Expectant of something long forgotten, they wait. Chins rest on chest, vacant television eyes, gaping mouthed snores, their minds drift and bob like the peas in yesterday’s soup. They wait for bed, they wait to get up, they wait for the visiting relation they can’t quite place, they wait for the silent ambulance. In a quiet corner of Hawthorn Vale’s musty lounge George waits for eight o’ clock. Tonight George will check out for good.
His overnight bag is packed and safely secreted by the garden shed. Hairbrush - he still has hair - toothbrush and toothpaste - likewise teeth - spare spectacles, socks, cap, wallet and bus pass. The cheap clock with its large stupid face ticks on. Coronation Street finished, George, as quickly as his rheumatic bones will allow, springs into action. Giving the duty nurse the ‘going to bed early’ routine he heads for his room but instead he slips swiftly - as he has for seventy something years - toward the garden door, gently closing it behind him. Crossing the wet lawn he retrieves his bag, pulls his cap down, turns up his collar and like Harry Lime disappears into the shadows. The chill air catches in the old man’s chest and he splutters into his handkerchief whilst in the still mist and drizzle the street lights hang like patient angels.
George’s bifocals steam up as he boards the bus and, contemptuously ignoring the ‘Please give these seats up for the elderly’ sign makes his way to an empty window seat congratulating himself on his successful escape. With the steady hum luring him to sleep he is barely aware of the adjoining seat being occupied by a fresh faced youth with his face buried in a mobile phone. Outside the night rolls by shrouded in deceitful mist. George wakes with a start.
‘Is that thing permanently attached to your hand?’
The youth looks up from the screen, ‘I’m booked into hospital next week to have it removed.’
Inwardly, the old man smiles, rather taken with his new companion.
‘Callum.’ He replies.
‘So Callum, where are you headed on this cold, dreich night?’
‘I’m going to Inverness for the week, I’m staying with my uncle for the school holidays.’
‘Oh, me too,’ says George, adding hastily, ’er, not staying with your uncle I mean, going to Inverness’.
They both laugh which brings on a coughing fit for George who hastily covers his mouth.
‘Well I actually get off before that, my uncle stays in Culloden village.’
‘Well that is a coincidence. I’m staying in Inverness tonight and heading for the battleground tomorrow morning.’ Says George. ‘Don’t your parents take you on holiday?’
‘Oh they do, especially in the summer. They’ve flown off with my wee sister to Costa del something. I get fed up on the beach, with the heat and hotels where everybody smiles too much.’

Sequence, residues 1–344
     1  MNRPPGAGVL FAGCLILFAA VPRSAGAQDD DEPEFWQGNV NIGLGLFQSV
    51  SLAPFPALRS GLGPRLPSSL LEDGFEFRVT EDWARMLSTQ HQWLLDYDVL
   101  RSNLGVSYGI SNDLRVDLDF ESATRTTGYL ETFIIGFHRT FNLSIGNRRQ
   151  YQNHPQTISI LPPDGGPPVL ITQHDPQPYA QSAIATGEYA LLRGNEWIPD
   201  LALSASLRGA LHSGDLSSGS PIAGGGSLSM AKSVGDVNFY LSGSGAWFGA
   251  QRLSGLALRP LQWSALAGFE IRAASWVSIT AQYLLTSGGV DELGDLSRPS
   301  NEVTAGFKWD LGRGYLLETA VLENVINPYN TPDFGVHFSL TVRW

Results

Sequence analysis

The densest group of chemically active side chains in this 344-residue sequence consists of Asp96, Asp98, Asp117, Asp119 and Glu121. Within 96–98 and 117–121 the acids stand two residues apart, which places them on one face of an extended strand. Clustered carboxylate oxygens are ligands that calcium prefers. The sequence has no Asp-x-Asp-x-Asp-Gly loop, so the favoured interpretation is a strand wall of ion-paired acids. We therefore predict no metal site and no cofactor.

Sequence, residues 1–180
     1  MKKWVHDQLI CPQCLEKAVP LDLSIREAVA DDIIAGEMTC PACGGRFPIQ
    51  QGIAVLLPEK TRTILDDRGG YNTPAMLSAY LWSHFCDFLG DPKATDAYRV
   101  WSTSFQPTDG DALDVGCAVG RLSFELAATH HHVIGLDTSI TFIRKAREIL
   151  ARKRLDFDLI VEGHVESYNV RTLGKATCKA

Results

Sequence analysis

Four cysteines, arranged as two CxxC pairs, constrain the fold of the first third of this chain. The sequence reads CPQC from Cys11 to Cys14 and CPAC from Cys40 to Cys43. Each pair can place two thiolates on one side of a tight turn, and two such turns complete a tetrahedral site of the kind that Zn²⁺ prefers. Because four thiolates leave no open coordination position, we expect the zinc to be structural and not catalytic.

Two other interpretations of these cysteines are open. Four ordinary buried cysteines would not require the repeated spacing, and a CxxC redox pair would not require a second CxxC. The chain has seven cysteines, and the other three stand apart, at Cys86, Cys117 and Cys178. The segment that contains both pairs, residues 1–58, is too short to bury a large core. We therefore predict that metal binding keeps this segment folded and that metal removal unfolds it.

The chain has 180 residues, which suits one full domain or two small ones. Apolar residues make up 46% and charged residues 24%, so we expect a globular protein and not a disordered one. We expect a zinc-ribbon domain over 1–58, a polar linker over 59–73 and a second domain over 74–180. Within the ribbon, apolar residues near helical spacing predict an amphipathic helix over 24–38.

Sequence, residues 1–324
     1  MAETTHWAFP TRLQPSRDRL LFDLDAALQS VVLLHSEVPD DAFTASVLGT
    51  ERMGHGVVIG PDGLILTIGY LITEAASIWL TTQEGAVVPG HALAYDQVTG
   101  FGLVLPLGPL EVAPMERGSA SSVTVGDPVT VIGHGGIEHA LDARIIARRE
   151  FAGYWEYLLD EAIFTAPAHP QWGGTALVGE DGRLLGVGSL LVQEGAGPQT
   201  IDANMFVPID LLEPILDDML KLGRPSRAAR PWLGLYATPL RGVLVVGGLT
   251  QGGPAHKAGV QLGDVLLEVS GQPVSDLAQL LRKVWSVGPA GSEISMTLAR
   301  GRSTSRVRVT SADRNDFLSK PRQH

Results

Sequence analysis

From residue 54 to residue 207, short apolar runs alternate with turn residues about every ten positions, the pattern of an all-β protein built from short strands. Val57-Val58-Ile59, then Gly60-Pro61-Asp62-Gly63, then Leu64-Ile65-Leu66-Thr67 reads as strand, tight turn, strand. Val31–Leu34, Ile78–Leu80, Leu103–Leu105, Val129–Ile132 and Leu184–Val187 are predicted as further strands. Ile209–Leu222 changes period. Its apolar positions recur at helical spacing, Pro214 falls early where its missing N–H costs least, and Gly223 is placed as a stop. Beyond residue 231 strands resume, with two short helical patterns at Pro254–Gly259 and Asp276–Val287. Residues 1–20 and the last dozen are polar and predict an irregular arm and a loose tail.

‘Ha, I know what you mean.’
‘My uncle and I go fishing or walking in the hills.’
‘Aha, my kind of holiday too. Out in the drizzle with the midges!’
The bus cuts on through the night, by orange lit towns, by curtained windows, by shops closed for the night, by shops closed for good, by the half empty pubs and forgotten churches.
‘You laugh at me and my phone, what’s that you're hiding in your hand?’
Startled, as if his mind had been far away, the old man opens his hand. ‘It’s an old coin, I’ve had it since I was younger than you.’
‘Is it valuable?’
‘Only to me my friend. I guess you might call it my lucky charm.’
‘And has it been lucky?’
‘Sometimes I think yes, other times...ach it’s just an old coin, who knows?’
‘It looks old.’
‘Oh it is, you can just about see the King’s head; I’ve nearly rubbed him away.’
The old man hands Callum the coin.
‘Where did you get it?’ He asks, gently smoothing his fingers over it.
‘Well, that’s the funny thing. When I was a wee lad, in the days before fancy visitor centres and cream scone cafes, when you just louped the fence, my father took me to Culloden Moor. Anyway, he was rummaging about amongst cairns and ditches when he picked this up from the peat bog. I can see his smile yet. “Ahaa,” says he, “the King’s Shilling!”’
The boy eyes him quizzically.
‘The King’s shilling was a bribe, nothing more. They used to hand it out to boys like yourself, to join the army and fight for the King.’
‘For a shilling? Stuff that!’
‘A shilling was a lot to young lads with nothing. They’d even pop one into your beer and when you’d drank up and fished it out, they had you; you’d accepted, fame, fortune and glory, God Save the King! I always imagined some young lowlander caressing this coin as he died, chopped up by a claymore no doubt, thinking of home and his sweetheart. What a waste, all for a doomed rebellion.’
George coughs heavily into his bloodied handkerchief, removes his bifocals and wearily wipes his eyes.
‘Anyway’, brightening up, ‘I thought I’d take it back, return his coin, if I can remember the spot.’
‘Would you like a mint for that cough George?’
‘Thanks son, I will.’
‘Are you ok?’
‘Right as rain, right as rain.’
‘I think that’s great George. Taking it back I mean; kinda lays it to rest.’
The old man looks out of the window at the black shrouded night. Soon the orange glow of Inverness will appear.
‘My stop is just coming up, George, here’s your coin back.’
‘I tell you what, why don’t you keep a hold of it for me.’
‘But won’t your luck run out?’
‘I don’t think so Callum. Goodbye, son.’
George watches through the window as the lad collects his suitcase. The bus lurches on and his smiling face disappears into the dark, as if he had never been there.